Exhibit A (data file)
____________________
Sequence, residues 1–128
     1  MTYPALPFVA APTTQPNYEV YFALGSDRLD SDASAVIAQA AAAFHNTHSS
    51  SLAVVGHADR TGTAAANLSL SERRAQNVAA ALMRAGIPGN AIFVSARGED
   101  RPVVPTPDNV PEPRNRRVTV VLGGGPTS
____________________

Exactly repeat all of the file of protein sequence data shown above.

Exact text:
Sequence, residues 1–128
     1  MTYPALPFVA APTTQPNYEV YFALGSDRLD SDASAVIAQA AAAFHNTHSS
    51  SLAVVGHADR TGTAAANLSL SERRAQNVAA ALMRAGIPGN AIFVSARGED
   101  RPVVPTPDNV PEPRNRRVTV VLGGGPTS